That people (not only my friends, but some guy who I just read today in fact) mooned over the title song but ignored the much superior “Deacon Blue” became a sort of litmus test of musical aptitude to me. So much so that by then as a died-in-the-wool Christgauvian, when Kamakiriad came around in 1993 and Bob didn’t A list it, I didn’t even bother with it. Nor did I with Morph the Cat. To find out later that they were the last two-thirds of a trilogy that began with the still excellent Nightfly was both a surprise and let down. Made me think that Fagen himself was weak minded and a fool for easy shows of sophistication.
So this week, after buying the new one, Sunken Condos, from Jason’s recommendation and then adding the five Fagen songs Bob did recommend from Kamakiriad and Morph the Cat, I can conclude that, if those were the five best songs from those two albums, this new one is much better.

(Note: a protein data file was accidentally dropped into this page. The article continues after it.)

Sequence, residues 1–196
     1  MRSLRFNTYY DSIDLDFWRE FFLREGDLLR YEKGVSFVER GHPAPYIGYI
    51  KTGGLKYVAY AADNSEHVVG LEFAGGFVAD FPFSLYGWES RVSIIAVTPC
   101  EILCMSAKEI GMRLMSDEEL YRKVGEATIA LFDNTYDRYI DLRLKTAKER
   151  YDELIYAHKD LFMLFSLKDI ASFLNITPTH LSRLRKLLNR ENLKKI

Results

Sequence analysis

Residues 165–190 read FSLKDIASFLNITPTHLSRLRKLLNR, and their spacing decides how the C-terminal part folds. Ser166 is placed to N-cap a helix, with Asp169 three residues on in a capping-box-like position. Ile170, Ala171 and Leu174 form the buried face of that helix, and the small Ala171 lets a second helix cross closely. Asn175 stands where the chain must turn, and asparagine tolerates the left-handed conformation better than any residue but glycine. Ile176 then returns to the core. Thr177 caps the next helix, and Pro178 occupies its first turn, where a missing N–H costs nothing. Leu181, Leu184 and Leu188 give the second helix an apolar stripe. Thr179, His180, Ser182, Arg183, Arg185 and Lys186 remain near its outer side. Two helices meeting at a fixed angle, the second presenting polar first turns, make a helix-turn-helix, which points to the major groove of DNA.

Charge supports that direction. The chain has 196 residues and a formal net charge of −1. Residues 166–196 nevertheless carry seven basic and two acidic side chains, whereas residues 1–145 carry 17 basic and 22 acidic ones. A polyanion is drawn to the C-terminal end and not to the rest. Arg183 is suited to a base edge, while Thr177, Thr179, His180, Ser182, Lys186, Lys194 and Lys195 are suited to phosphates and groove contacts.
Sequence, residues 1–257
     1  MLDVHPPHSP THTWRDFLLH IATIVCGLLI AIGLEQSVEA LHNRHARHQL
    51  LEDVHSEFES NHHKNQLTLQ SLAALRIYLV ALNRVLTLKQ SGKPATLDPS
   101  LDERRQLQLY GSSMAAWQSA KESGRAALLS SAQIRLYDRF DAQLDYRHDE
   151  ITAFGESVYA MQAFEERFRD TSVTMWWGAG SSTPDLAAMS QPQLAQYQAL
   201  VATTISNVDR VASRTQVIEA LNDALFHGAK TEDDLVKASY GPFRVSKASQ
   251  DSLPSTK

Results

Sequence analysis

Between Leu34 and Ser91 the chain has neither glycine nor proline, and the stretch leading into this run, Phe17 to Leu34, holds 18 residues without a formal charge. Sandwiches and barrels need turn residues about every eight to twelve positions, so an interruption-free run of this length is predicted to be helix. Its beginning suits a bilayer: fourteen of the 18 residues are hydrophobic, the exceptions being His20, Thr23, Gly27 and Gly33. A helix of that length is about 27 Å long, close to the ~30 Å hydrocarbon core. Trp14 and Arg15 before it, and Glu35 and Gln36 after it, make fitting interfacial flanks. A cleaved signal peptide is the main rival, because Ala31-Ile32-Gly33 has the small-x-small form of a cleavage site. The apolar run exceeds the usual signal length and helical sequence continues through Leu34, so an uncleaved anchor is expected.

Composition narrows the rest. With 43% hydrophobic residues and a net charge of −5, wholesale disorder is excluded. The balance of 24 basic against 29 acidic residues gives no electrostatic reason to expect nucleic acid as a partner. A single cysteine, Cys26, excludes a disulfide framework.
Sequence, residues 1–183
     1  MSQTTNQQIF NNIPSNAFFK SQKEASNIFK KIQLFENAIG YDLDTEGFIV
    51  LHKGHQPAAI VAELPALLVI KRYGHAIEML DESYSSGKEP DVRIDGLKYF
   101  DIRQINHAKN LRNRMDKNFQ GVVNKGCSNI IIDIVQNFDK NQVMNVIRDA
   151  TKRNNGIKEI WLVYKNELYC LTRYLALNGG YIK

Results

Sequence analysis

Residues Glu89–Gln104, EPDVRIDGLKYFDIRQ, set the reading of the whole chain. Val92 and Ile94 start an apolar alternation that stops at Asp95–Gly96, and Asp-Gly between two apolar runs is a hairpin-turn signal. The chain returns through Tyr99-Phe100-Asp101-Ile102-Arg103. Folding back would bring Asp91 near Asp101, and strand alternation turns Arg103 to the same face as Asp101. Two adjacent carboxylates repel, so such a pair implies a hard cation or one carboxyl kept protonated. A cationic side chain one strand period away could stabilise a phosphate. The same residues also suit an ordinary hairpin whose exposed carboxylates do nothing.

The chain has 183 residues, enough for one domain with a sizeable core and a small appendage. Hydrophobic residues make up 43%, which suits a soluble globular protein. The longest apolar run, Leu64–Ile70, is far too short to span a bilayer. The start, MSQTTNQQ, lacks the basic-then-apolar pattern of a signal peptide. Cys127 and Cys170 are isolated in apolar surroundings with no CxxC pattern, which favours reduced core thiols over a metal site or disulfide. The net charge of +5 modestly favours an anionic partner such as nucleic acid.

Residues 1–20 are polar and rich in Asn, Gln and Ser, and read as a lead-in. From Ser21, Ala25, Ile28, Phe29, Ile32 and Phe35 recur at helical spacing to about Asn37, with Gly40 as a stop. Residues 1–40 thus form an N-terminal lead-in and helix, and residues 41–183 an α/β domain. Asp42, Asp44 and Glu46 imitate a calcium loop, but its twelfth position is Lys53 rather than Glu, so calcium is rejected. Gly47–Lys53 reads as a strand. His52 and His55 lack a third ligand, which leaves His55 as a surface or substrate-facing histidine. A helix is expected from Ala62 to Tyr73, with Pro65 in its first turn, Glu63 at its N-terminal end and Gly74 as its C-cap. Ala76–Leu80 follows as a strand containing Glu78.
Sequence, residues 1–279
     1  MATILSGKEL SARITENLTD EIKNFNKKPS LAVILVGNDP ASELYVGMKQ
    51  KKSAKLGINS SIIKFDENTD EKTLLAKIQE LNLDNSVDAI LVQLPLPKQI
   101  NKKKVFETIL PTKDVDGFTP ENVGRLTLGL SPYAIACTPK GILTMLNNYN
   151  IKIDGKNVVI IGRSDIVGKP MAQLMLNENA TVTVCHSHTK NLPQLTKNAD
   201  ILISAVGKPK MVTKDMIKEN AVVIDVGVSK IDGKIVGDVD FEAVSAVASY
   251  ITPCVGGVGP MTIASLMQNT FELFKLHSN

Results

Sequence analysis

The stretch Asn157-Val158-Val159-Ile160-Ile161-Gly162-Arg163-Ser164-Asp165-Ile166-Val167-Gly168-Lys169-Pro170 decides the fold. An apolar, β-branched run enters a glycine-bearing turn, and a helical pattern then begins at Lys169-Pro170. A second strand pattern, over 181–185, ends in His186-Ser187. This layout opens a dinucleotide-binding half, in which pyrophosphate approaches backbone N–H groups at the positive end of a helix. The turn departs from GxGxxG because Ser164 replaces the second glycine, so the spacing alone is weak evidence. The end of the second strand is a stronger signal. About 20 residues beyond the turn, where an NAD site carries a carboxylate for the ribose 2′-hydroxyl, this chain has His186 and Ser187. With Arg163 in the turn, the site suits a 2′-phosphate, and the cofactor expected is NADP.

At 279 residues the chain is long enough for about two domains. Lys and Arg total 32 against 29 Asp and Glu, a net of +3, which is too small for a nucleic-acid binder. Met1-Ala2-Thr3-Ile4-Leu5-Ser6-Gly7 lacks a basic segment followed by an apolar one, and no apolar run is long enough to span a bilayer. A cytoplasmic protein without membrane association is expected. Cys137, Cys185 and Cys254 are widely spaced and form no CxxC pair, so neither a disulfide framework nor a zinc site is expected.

Gentlemen, may I suggest an across-the-aisle compromise?
When did "global warming" become "climate change?" When the temperatures stopped going up after 1998. Since the globe wasn't warming, the term "global warming" rightly came to be ridiculed. By calling it "climate change," everyone played it safe since the climate is always changing, that being the very nature of climate. Maybe it's time to switch "climate change" to something new. Something we can all agree upon. And I think I have it: "Climate Wassup!"
about the blogger
Starting in 1967, Robert Christgau has covered popular music for The Village Voice, Esquire, Blender, Playboy, Rolling Stone, and many other publications. He teaches in New York University's Clive Davis Department of Recorded Music, maintains a comprehensive website at robertchristgau.com, and has published five books based on his journalism. He has written for MSN Music since 2006.